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Is there an appetite to reduce things like food waste? County wants to hear from you

'In Ontario, a lot of the waste is not just banana peels – it’s rotten bananas that should have been eaten,' county official says ahead of survey looking at overall waste collection
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Editor's note: Because Barrie is a separated city, the County of Simcoe does not handle waste collection for Barrie residents. This only affects residents in neighbouring towns and townships.
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How could the County of Simcoe help you go greener?

County councillors recently gave the go-ahead to county staffers to prepare a public survey on waste collection and strategy, to be released in November.

The goal of the survey is to determine the needs and priorities of local residents.

While the County of Simcoe has signed a new seven-year waste collection contract starting November 2021 with Miller Waste which will see garbage, recycling and green bins collected curbside through a fully automated collection process, Rob McCullough, director of solid waste management, said there's wiggle room to adjust the contract should the public consultations bring in unexpected feedback.

“The strategy is looking long-term as opposed to individual discussions about specific things like collection methodology and frequency,” said McCullough. “The collection contract can always be changed. We have a mutual agreement between us and the collection contractor that we can change anything we want.”

The results of the survey will help guide the county on their waste priorities for the next five years. There will be two rounds of engagement: a virtual survey in November, and either an in-person or virtual open house in April 2021, depending on the state of the pandemic at that time.

“Through the first round of engagements, we want to know from residents, what are the priorities for the long-term that residents see? We need to know what the end goal is,” said Jen Slykhuis, supervisor of special projects with the county.

“If we can know what those long-term priorities and goals are, then we can start to formulate programs and initiatives focused in those areas we’ve heard back from residents," Slykhuis added. “We’re trying to keep it open-ended."

McCullough points to green-bin diversion as an example of one of the priorities that will continue to be a focus over the next five years.

“As a society, we’re producing more and more waste on a per-capita basis as we go forward. The existing strategy has a goal of one per cent reduction of waste produced per year, per household. It hasn’t worked; it’s going the other way,” he said.

“We’re seeing about a one to two per cent increase, even though we’re doing a good job diverting," McCullough added. "People are producing more waste.”

Over the next five years, McCullough said part of the strategy will be looking at the effectiveness of current facilities, both for residential drop-off and treatment of waste. He also said reduction of waste overall will be important.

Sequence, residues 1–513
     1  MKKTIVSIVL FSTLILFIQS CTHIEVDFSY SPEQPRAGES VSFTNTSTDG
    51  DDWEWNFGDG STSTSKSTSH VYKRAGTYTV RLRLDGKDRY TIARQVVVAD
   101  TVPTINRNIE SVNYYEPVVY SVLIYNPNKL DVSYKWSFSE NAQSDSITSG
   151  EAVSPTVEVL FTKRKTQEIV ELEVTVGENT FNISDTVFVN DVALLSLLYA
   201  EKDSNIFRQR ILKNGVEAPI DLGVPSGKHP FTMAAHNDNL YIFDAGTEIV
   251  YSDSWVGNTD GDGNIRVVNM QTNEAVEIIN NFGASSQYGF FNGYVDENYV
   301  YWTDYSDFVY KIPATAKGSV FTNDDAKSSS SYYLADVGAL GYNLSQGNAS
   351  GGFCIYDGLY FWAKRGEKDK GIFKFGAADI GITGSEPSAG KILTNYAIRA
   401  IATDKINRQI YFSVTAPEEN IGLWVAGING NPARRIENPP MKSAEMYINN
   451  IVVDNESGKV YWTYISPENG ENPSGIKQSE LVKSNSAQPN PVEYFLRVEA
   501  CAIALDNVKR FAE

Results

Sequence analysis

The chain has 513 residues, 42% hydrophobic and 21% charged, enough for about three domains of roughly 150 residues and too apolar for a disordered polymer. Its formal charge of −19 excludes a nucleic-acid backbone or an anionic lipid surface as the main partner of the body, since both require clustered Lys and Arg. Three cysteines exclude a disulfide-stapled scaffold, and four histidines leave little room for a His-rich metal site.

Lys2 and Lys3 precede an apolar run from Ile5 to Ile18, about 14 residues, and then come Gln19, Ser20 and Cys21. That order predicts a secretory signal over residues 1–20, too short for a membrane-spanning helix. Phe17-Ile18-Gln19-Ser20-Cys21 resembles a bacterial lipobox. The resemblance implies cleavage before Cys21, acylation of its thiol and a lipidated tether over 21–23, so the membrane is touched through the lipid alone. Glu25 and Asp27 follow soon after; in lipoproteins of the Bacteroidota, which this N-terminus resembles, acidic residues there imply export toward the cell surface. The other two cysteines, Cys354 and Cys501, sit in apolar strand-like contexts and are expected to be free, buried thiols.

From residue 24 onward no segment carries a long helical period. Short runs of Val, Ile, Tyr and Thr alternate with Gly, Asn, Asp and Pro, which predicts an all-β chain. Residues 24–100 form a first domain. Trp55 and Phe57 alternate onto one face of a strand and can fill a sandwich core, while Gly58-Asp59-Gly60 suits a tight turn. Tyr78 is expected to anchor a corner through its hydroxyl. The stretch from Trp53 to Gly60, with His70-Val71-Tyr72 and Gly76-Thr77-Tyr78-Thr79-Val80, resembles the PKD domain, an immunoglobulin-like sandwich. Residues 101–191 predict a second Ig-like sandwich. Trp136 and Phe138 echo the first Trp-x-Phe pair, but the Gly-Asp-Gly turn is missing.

“A lot of the organics we’re collecting is food that should have been utilized. In Ontario, a lot of the waste is not just banana peels – it’s rotten bananas that should have been eaten," said McCullough.

"That’s a waste for our residents’ pocketbooks, the environment and for the additional processing for the material after the fact. It’s important we go forward with new programs we make available to the public (to address that)," he said. “We’re looking to see if the public agrees with that."

The county’s overall waste strategy is in place for 20 years, however every five years the county seeks to do a refresh of plans as circumstances change over time.

“We were on track to complete this in 2020, but because of the pandemic, it came along right when we were planning open houses to take place in the spring and early summer, but because of the pandemic it was delayed,” said McCullough.

In the past, public consultations have only attracted about 10 to 20 residents per in-person session, he noted.

“So, we have to ask ourselves, how indicative is that of the general public interest? We have to represent all of the public, not just the interested few that might come out,” he said.

“We’re looking now to get it back on track and the county’s done a lot of work on virtual participation. We’re hopeful that we might even get more participation, or a greater breadth of participation, than through the old system of public open houses,” said McCullough. “We hope this change will be a good one.”

Remaining landfill capacity in Ontario, and elsewhere, is diminishing — with the county’s landfills estimated to be closed by 2027, according to pre-pandemic estimates. Required changes at county sites during 2020 will most likely result in earlier landfill closures and earlier requirements to export 100 per cent of county-generated waste.

The strategy is planned to be finalized in June 2021.

— With files from Bob Bruton


Jessica Owen

About the Author: Jessica Owen

Jessica Owen brings 11 years of experience to her role as regional reporter for Village Media, primarily covering County of Simcoe matters, education and features
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